Nigeria: Focus on Government's stand on Sharia

News and Press Release
Originally published
ABUJA, 29 March (IRIN) - Nigerian President Olusegun Obasanjo said his government will not use the courts to halt the introduction of the Sharia Islamic penal code in northern Nigeria.
In an interview with the BBC broadcast on Wednesday, he said full-blown Sharia - seemingly at odds with the country's secular constitution - was an issue of fundamental human rights, but the government would not take a political position on the question.

"What we are going through, what we are doing here, is a revolution of some sort and we expect that it will take some time before things settle," he said.

Nigeria's independence constitution, approved by a panel of international Islamic jurists, allows states to incorporate Sharia, but only in the area of civil law. Rather than the amputations and floggings decreed by Sharia, under the current federal constitution, Islamic courts can only implement fines and prison sentences for Muslims contravening the tenants of the religion.

But at the beginning of this year, three northern states introduced the Sharia penal code. Last week, a man's hand was amputated in the northwestern state of Zamfara for stealing a cow, reigniting the Sharia controversy which threatens Nigeria's stability and unity. Muslims argue that under the country's new-found democracy, states have a right to respond to the demands of their citizens for Sharia law.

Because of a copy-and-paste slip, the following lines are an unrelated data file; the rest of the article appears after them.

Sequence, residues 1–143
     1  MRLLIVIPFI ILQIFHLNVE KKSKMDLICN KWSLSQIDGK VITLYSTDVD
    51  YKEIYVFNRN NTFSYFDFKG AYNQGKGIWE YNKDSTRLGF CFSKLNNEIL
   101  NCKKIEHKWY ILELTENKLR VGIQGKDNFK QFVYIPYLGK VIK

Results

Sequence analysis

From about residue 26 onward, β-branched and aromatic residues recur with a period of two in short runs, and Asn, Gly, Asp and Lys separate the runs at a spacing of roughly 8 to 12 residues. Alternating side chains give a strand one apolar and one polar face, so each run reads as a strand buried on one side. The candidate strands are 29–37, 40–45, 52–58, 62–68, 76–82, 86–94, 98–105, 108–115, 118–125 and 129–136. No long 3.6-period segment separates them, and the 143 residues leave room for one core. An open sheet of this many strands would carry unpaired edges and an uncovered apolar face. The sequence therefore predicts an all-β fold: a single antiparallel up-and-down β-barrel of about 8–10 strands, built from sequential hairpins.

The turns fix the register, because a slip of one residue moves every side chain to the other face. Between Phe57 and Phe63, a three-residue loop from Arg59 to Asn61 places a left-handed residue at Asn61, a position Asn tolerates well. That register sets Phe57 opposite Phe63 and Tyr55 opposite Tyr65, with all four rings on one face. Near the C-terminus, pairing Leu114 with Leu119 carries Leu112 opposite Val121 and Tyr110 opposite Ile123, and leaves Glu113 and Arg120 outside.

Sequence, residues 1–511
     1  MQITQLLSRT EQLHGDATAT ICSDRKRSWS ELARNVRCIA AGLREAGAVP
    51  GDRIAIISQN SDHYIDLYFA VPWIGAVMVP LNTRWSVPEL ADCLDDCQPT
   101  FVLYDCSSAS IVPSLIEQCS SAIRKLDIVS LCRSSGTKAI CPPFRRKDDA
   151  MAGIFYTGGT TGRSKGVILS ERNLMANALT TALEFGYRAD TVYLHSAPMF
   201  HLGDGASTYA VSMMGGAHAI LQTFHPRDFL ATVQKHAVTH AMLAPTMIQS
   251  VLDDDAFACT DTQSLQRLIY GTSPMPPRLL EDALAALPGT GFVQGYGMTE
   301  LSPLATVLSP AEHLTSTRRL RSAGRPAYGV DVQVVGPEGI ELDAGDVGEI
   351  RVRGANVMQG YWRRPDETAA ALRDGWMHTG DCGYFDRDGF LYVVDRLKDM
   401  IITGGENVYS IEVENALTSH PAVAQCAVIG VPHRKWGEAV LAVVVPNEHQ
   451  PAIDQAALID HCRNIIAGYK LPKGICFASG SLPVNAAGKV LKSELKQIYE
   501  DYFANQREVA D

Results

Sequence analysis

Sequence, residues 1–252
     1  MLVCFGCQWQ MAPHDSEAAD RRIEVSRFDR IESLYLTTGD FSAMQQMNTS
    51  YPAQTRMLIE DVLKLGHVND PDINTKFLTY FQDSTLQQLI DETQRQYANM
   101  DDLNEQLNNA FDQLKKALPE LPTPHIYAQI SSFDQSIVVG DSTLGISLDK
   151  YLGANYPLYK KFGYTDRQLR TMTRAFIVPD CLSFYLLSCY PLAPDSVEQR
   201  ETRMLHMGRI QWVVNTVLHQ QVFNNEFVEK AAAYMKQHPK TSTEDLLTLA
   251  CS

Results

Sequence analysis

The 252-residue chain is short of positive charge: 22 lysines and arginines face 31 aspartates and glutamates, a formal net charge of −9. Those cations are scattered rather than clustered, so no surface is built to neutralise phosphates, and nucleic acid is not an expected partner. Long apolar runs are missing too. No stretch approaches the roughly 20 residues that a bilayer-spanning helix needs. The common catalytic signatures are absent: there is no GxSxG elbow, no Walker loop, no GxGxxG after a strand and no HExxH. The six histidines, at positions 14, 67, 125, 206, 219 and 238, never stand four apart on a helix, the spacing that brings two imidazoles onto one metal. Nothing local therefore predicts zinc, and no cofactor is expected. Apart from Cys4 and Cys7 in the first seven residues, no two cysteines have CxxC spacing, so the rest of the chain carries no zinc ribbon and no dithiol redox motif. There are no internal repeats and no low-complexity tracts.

Onyema Oguchukwu, a special advisor to Obasanjo, told IRIN that the federal government's position was based on concern that if it condemned Sharia, "it would unite the whole of the north" in defence of Islam.

"Dealing with Sharia involves two aspects - the legal aspect and the political aspect," Ugochukwu said. "The legal aspect is for the Supreme Court to determine whether these new laws being made in some states contradict the constitution. One NGO has gone to court over the issue, which is as it should be. Every Nigerian has the responsibility to defend the constitution, not just to call on the president to do something.

"The president has been reluctant to go to court because once you go to court, you close the other option, the option of a political solution. A legal action could last for years, and it wouldn't be the best thing to tie the government down in court," he added.

Olisa Agbakoba, a human rights lawyer who has brought the legal challenge against the Zamfara state government over Sharia, said the constitutional issue has thrown up the question of the validity of the country's unity. "Whether Obasanjo has the skills to manoeuvre Nigeria from the edge (of this crisis) is the central question," he told IRIN.


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